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FCA workers approve Unifor deal to retool Windsor plant for making electric vehicles

Unionized workers at Fiat Chrysler Automobiles Canada have voted to approve a new three-year contract, Unifor said Monday.

About 78% of votes were in favour of the deal, according to the union.

The deal, which was announced last week and voted on over the weekend, will add about 2,000 new jobs by 2024, helping the company bounce back from staffing cuts over recent months.

At a news conference last week, Unifor national president Jerry Dias said a third shift was cut this summer, eliminating 1,500 positions and leaving 425 workers laid off after restructuring and retirement incentives.

“Workers who have feared plant closures and job losses in recent years can now look forward to a bright future with good jobs for years to come,” Dias said in an update Monday.

Under the new agreement, $14.4 million will be invested in its Etobicoke, Ont. plant, $50 million will be invested in its Brampton, Ont., plant, and $1.35 billion to $1.5 billion will be invested in reinventing its Windsor, Ont., plant to produce at least one electric vehicle, FCA said.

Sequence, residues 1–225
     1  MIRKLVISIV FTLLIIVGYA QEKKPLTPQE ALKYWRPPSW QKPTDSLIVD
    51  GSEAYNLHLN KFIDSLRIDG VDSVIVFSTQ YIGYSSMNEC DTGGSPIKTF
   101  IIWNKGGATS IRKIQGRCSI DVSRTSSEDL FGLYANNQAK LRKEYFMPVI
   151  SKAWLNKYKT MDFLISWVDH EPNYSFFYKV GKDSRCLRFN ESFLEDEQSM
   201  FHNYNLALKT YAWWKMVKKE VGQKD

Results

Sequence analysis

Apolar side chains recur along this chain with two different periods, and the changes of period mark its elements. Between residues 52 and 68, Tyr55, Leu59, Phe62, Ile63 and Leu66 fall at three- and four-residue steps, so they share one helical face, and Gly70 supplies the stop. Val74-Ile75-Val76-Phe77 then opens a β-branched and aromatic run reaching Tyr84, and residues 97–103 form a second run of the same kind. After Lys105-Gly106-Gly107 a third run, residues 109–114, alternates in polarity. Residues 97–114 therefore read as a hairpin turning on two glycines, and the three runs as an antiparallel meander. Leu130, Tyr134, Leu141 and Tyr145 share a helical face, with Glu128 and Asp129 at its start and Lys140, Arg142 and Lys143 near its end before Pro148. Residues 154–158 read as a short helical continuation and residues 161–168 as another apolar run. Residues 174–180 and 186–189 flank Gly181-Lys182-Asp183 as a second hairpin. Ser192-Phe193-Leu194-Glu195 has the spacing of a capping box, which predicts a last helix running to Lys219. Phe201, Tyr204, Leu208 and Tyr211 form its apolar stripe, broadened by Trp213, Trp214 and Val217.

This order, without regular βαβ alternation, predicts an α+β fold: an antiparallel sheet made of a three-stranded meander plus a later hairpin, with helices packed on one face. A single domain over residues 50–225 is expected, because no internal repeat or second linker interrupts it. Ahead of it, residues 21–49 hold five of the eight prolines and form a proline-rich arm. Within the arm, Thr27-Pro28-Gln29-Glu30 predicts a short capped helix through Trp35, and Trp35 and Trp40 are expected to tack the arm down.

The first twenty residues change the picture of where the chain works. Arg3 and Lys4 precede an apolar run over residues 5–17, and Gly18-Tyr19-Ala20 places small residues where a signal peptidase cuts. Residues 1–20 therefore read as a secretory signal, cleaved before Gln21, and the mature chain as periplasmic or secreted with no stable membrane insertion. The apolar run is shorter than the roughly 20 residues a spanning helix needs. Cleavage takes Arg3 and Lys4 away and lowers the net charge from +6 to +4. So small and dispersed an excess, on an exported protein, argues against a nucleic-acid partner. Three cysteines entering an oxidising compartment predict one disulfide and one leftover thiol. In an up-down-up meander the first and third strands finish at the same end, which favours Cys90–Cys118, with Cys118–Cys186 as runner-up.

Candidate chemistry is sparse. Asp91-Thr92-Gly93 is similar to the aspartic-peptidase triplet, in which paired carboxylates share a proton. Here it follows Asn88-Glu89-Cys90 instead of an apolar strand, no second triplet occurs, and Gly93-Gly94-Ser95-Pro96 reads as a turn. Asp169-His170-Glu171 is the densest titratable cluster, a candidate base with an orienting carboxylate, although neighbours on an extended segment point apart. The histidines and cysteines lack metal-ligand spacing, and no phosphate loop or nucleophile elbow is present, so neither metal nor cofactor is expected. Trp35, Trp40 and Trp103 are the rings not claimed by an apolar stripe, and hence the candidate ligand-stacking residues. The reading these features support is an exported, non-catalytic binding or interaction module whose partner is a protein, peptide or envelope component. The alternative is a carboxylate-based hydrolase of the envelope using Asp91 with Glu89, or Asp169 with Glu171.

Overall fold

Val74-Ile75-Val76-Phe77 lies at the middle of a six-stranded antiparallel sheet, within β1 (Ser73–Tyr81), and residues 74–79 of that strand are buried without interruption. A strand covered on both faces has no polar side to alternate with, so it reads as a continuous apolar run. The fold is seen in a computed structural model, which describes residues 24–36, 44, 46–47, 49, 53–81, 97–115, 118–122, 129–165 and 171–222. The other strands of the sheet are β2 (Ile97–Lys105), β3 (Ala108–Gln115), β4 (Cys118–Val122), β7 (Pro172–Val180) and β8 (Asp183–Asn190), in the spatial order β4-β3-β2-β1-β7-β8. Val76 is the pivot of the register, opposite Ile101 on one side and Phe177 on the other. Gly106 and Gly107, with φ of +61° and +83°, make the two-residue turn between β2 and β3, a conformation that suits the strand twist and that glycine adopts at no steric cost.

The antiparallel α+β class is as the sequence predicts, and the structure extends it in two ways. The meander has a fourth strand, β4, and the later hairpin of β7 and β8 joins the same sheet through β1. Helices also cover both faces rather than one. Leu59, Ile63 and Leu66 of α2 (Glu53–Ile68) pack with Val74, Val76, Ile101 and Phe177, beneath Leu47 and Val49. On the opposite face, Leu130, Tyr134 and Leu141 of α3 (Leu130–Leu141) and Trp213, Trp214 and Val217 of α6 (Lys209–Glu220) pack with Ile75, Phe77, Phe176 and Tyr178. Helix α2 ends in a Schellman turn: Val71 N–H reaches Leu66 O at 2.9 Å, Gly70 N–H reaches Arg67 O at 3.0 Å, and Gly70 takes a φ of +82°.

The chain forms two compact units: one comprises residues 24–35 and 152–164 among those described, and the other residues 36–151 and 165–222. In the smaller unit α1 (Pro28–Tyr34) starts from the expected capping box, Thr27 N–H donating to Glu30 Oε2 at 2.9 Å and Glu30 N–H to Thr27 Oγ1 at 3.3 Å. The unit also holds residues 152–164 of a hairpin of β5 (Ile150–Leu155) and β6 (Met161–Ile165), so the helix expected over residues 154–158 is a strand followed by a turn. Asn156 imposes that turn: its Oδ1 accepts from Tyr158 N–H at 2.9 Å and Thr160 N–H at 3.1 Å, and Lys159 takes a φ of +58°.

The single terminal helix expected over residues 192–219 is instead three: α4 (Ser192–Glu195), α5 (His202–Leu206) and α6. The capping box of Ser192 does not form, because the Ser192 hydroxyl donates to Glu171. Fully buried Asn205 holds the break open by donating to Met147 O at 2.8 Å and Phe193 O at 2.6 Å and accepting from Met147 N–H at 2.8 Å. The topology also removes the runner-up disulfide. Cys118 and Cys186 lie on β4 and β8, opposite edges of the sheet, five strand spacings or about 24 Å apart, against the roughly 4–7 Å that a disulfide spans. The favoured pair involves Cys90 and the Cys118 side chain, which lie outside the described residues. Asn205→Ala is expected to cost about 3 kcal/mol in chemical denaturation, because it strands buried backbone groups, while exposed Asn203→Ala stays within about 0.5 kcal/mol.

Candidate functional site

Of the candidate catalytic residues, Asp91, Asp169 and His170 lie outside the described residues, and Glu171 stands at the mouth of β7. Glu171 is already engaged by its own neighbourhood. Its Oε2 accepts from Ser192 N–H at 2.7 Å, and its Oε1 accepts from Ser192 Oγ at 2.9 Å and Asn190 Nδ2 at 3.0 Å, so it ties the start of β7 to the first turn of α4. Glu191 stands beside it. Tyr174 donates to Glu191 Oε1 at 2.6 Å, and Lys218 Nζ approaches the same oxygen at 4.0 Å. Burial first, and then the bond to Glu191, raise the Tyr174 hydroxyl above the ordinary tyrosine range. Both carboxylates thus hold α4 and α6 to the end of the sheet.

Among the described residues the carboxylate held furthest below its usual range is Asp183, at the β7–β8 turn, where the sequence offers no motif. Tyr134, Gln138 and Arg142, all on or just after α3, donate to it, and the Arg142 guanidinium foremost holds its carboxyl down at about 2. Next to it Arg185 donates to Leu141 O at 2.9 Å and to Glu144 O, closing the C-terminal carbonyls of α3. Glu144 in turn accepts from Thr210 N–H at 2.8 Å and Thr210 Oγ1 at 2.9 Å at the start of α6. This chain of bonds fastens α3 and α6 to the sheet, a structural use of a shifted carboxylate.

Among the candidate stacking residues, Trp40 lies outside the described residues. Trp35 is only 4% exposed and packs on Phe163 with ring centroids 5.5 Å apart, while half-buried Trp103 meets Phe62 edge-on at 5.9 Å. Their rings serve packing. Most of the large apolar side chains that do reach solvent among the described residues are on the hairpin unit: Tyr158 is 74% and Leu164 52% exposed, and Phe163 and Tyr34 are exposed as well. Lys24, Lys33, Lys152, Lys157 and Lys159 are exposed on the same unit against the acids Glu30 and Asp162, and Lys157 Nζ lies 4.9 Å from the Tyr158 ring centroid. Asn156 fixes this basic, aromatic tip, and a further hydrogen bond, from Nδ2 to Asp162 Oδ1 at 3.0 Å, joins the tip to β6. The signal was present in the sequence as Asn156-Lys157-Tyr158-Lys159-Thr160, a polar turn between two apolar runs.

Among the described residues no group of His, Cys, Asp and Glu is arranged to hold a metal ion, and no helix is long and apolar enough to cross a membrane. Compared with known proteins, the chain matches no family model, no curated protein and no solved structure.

Unifor said last week it had averted a strike to reach a deal with FCA on behalf of its 8,400 unionized workers, following difficult negotiations around a pattern agreement put in place last month by Ford Motor.

After Ford’s agreement was announced, the federal and provincial governments said they would contribute millions to Ford’s electric vehicle assembly.

The new deal follows the improved benefits and matches the wages laid out in the pattern agreement, including five per cent increases to hourly rates, a $7,250 signing bonus and $4,000 inflation bonuses.

FCA also said that it is working with both governments on its electric vehicle investments – although the company did not specify if any government funding announcement is forthcoming.

Unifor’s new agreement with FCA also includes an anti-racism action plan, paid leave for domestic violence victims and acknowledgment of Pride month each June.